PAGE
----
Something modern for a change

•April 19, 2014 • Leave a Comment

I started making Gareth a shirt for his birthday back in February, and I almost finished it the day before the big day.

But then I couldn’t find either of the buttonhole foots for my machine, so he had to accept a late present to be finished once ebay had obliged cos Boyes didn’t have one.

Except once the foot turned up the bulb on the machine blew.

And obviously I popped to boys and bought a new one. One with a screw fitting

And obviously the machine takes a bayonet fitting bulb so I had to go back to boyes.

And then I was busy teaching workshops, aaaaaand a dog came in and ate my homework and the bus was late and…

Anyway, I finally got round to it this weekend


That’s not bad photography- he insisted I cut his head off cos he says he feels a bit rough, but I think he’s actually embarrassed to be seen with me. You can’t blame him really.

I bought the white fabric on leeds market. We both looked at it and thought it was cartoon bacteria, so we ought it would be fun to team it with insects, cos boys are made from insects and germs, it’s a scientific fact, that is. But then when I was cutting it I realised the edge said “under the sea”


I still don’t get it. I mean, I can see how the orange splogy thing might be an octopus, but the rest still look like microbes and bacteria to me.

Which might explain why it was four quid a metre.

Feeling guilty that his birthday present was two months late, I decided to make him a compensation shirt as well. We both like this one best

I found six types of cream and black print and experimented with a monochrome mix. He thinks it’s understated, bless him.

I didn’t tell him I was making this, because I thought he might whine about the florals. I find it’s sometimes best just to make things and then he doesn’t notice the flowers in amongst the rest. It’s the fine art of man management.

Gareth says I make pulling shirts, cos whenever he’s in a pub without me and wearing one, someone tries to chat him up. Last time we were in oxford he left me and went to bar to get me cider, and he reckons a girl in her twenties chatted him up. He seemed slightly traumatised.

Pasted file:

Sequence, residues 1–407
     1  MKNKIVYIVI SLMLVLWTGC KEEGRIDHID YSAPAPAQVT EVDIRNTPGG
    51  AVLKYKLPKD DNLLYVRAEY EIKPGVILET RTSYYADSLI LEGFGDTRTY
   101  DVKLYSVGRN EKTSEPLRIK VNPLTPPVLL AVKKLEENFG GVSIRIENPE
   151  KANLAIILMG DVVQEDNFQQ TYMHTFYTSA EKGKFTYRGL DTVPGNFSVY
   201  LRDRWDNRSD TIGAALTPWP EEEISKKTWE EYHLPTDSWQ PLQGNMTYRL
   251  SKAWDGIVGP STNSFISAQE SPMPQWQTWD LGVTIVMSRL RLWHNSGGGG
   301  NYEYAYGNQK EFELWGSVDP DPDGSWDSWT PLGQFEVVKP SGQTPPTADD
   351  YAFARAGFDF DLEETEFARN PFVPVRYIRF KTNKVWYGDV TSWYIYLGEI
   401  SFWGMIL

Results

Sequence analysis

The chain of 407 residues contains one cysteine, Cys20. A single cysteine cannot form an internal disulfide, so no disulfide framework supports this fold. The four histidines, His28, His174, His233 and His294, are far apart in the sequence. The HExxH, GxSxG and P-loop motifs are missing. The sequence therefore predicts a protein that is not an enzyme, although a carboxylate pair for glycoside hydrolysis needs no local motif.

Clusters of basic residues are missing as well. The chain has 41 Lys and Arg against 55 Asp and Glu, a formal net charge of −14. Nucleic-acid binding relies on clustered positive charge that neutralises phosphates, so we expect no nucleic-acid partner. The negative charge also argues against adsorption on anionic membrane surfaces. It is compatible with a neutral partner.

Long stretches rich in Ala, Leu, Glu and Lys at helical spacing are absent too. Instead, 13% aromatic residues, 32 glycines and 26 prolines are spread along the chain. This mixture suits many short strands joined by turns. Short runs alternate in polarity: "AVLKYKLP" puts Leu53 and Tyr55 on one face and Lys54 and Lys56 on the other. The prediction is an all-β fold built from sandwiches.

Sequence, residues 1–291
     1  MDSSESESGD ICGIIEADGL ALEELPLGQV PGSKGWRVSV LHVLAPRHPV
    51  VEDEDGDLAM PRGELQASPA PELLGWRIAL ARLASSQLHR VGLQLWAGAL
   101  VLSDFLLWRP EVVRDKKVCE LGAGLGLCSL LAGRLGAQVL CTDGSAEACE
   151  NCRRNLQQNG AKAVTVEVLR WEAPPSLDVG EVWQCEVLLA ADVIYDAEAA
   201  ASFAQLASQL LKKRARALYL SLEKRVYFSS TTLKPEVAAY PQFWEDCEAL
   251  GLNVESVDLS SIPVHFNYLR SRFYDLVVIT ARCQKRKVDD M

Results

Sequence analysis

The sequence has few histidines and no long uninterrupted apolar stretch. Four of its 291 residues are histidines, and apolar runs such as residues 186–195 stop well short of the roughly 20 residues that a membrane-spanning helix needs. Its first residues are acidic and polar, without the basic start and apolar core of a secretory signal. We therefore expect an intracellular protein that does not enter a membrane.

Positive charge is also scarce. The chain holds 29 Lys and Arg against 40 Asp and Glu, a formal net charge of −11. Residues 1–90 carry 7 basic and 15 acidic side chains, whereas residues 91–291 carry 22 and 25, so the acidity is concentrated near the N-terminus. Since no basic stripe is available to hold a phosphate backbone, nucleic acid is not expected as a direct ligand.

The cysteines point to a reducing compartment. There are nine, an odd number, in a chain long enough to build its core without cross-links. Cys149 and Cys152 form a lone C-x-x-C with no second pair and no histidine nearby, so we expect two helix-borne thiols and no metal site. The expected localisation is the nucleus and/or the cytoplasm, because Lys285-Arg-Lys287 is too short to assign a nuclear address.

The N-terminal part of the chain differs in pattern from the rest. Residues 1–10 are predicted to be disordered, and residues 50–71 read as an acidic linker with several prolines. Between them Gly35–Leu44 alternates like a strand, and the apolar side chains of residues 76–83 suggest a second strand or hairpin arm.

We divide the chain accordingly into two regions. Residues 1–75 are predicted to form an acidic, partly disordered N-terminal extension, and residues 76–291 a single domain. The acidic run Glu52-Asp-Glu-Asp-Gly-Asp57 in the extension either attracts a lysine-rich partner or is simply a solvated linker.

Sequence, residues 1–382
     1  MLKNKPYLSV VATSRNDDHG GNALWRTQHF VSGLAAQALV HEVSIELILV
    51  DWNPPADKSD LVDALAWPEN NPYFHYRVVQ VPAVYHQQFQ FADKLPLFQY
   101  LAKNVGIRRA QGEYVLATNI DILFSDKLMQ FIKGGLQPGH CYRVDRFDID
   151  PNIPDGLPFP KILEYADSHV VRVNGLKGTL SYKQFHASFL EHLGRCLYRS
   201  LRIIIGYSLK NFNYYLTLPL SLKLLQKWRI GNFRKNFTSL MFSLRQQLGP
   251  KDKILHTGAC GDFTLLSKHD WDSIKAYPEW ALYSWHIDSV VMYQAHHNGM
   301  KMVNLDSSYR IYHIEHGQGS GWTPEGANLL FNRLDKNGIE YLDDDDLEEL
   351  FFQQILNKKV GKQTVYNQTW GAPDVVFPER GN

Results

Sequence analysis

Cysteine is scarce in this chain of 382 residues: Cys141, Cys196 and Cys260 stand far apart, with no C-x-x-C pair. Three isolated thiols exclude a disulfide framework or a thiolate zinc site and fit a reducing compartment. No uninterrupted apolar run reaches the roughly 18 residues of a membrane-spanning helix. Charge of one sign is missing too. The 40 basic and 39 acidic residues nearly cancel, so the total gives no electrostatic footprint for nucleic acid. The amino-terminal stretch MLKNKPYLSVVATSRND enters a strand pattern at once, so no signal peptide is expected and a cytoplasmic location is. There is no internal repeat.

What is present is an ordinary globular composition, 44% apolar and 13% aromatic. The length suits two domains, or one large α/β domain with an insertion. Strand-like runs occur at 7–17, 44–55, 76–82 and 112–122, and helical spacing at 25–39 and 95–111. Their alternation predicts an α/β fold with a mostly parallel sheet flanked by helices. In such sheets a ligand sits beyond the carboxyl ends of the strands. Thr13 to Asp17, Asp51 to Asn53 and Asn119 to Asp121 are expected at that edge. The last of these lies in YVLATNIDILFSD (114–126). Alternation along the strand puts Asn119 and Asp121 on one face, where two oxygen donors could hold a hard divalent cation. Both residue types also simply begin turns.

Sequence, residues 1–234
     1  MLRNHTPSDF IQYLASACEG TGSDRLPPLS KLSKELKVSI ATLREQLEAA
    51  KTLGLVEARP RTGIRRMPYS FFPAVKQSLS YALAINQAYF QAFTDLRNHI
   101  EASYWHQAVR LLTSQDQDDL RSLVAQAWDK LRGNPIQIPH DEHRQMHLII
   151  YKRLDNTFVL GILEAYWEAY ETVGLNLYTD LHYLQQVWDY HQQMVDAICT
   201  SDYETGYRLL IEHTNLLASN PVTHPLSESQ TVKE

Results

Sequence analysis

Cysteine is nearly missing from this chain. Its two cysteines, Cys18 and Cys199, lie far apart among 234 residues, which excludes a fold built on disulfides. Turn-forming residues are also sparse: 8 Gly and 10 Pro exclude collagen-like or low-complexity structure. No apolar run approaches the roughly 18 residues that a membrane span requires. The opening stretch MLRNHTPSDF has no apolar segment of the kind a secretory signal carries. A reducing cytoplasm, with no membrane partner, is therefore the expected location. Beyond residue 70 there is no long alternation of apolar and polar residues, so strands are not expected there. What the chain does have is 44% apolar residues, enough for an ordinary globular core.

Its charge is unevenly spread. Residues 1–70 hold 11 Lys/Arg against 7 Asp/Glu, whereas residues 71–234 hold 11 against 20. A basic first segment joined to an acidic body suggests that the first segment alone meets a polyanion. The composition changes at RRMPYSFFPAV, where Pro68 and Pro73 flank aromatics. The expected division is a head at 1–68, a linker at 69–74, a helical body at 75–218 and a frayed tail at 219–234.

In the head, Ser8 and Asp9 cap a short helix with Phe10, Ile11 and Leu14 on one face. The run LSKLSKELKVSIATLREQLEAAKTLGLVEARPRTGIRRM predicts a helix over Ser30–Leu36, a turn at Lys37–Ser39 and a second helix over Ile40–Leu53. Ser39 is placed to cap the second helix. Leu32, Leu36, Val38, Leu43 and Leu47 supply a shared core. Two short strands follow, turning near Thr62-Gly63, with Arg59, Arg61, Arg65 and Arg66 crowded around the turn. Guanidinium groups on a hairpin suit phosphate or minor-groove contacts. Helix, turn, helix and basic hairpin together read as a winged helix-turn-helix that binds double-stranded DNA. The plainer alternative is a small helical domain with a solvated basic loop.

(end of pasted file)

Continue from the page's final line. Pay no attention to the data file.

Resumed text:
There has to be a marketing idea in there somewhere…

Finished hood and some creative darning

•April 15, 2014 • 6 Comments

I wanted to use the double sidedness of the cloth for the hood by leaving the turned back piece around the face unlined to highlight the contrast. There was just one problem, well, two

Two tiny little tears in the fabric, right round the face, which I’d not noticed when cutting out. To be fair this fabric is waste, I bought the piece for the large brocaded dragon woven into the centre, which I made into a cushion.

Straight darning would have held it together, but wasn’t exactly attractive

So I took some of the yellow madder wool, and put a tiny circle of laid and couched work directly over the darn. This is about the size of my thumbnail.

Now, I’m more than ordinarily proficient at this technique, and risked working this small area in hand. However, I strongly recommend that if you try this you tension your fabric using a small hoop( and that is pretty much the only time you’ll hear me advocating the use of a hoop).

I did consider working another patch over the back, but in the end decided this would make the fabric too thick.


I then worked over the laid and couched patches with split and stem stitches using simple motifs from Saxon metalwork that are shown in Wilson. The book shows a small group of these motifs, and I like them because they always remind me of Japanese mon.


even more lutrel marginalia

•April 11, 2014 • 17 Comments

This one being a cow’s arsed bishop, or if you take the view that these are satyrs, a satyrical bishop.cows arsed bishop

And this time I took a progress shot to show how much life the white brings to these pieces

cows arse detail

dyes are, weld, woad, madder, cochineal, logwood and my compound brown

new courses

•April 10, 2014 • 9 Comments